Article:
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Western hostility is forcing Israel to make strange new friends


Activists celebrate “Israel Apartheid Week” by agitating against the Jewish state. Dore Gold, director general of Israel’s Foreign Ministry, marked the occasion in March by visiting the government that replaced the apartheid regime in South Africa.

Here is a top diplomat from a country compared by its foes to the regime of P. W. Botha meeting in Pretoria with diplomats who helped bring that regime down. And yet many activists on both sides of this issue have been missing this point.

First there is the movement to boycott, divest from and sanction Israel, known as BDS. In the absence of a peace process, BDS appears to have momentum as more and more academic associations, student governments and churches sign on.

Then there is the counter-BDS movement. This month, Gov. Cuomo announced he would divest his state’s funds from businesses that engaged in the boycott of Israel, and even individuals who advocate for such boycotts.

Other states are now considering similar laws, and prominent Jewish philanthropists are funding efforts to BDS the BDS movement, so to speak.

Both sides of this fight give the impression that Israel is becoming a pariah. And yet BDS has failed as both an economic and diplomatic weapon. Consider that since 2006, when the movement began, Israel’s gross domestic product has nearly doubled, going from a little over $154 billion to $299 billion for 2015.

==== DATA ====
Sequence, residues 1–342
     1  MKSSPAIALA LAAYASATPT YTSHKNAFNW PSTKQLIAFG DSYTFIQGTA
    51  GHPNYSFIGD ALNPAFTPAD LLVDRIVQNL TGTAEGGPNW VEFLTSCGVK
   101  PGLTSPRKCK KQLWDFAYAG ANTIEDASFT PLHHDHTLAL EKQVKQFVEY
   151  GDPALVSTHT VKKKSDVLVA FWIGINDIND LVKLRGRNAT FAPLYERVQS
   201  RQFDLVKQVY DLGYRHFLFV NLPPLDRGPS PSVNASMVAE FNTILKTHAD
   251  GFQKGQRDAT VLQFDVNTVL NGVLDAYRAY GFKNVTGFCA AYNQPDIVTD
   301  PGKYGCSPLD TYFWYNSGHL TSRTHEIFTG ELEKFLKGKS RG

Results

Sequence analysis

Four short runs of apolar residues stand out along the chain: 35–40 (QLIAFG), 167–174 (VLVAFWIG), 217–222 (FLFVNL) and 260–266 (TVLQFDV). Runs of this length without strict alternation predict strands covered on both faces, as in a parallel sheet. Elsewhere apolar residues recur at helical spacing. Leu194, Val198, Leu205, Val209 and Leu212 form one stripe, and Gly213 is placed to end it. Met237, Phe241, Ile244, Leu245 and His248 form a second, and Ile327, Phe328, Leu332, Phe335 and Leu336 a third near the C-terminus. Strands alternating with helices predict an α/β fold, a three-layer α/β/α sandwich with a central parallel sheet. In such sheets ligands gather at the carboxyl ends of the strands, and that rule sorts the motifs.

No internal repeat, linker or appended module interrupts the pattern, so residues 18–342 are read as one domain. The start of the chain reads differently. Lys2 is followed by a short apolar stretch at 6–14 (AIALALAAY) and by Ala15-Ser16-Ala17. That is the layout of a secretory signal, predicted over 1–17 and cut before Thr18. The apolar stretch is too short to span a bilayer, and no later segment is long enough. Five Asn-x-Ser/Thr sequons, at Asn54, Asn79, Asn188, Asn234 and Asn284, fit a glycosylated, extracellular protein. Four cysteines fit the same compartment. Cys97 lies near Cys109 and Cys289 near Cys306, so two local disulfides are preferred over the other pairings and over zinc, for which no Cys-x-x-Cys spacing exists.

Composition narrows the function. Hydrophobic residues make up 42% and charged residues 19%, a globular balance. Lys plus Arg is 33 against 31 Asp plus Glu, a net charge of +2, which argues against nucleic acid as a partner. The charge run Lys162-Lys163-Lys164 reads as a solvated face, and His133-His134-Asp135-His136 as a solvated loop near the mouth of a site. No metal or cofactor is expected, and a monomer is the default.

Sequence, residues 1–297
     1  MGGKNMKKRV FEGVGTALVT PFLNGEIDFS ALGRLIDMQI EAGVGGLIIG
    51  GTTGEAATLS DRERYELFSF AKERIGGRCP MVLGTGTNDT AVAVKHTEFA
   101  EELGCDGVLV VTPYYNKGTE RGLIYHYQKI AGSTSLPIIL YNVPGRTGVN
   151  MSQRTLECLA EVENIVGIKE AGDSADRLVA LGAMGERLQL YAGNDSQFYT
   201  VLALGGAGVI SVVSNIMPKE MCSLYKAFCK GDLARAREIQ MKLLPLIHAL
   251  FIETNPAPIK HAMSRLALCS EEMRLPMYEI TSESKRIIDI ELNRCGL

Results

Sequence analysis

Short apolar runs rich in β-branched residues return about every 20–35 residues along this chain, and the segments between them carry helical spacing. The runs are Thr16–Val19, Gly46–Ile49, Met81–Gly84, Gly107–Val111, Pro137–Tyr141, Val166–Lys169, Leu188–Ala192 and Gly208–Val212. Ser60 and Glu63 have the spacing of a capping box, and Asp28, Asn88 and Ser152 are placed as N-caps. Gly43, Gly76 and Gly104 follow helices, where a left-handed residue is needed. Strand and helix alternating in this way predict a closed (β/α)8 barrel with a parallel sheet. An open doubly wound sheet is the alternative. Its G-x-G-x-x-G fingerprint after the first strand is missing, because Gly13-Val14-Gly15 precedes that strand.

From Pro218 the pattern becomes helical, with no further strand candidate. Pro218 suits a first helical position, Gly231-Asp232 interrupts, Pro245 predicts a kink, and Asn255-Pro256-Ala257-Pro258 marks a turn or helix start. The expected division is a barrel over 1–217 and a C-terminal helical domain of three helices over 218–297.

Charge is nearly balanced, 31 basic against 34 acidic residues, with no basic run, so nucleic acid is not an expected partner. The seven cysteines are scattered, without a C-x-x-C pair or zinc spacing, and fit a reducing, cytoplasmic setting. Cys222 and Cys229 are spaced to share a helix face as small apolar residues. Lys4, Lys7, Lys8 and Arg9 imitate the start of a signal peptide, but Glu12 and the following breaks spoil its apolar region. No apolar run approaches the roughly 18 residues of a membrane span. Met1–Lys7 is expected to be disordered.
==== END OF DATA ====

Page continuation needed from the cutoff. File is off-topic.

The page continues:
Israel is also warming ties with countries all over the world, even as Europe and the United States are increasing the pressure over Jewish settlements in the West Bank.

Start with Africa. Next month, Benjamin Netanyahu will be the first Israeli prime minister since Yitzhak Rabin to travel to African capitals for meetings with the leaders of Ethiopia, Kenya, Rwanda and Uganda.

Israel under Netanyahu is also expanding links with China, now the country’s third-largest trading partner. A similar story can be told about Israel’s relationship with India, whose Narendra Modi is expected to be the first Indian prime minister to visit Israel later this year. As the Israelis increase defense trade with India, it has also begun to end some of its historic support for the Palestinians at the United Nations.

Then there’s Russia. Netanyahu met with President Vladimir Putin four times in the last year. He also worked out a deal, according to senior officials who spoke on background, in which Russia will allow Israeli jets to target members of the terrorist group Hezbollah in Syria, where Russians now control the air space.

“The prime minister is cognitive of the fact that the United States is the No. 1 ally,” Gold told me. “But the relationship with Putin has vastly improved. Instead of being in conflict with him like we were, we are now making sure there is a line open to him.”

Finally, Israel is repairing and enhancing relationships in the Middle East. In 2011, Turkey downgraded its ties following Israel’s raid on a flotilla trying to breach the naval blockade of Gaza. This month, Turkey’s foreign


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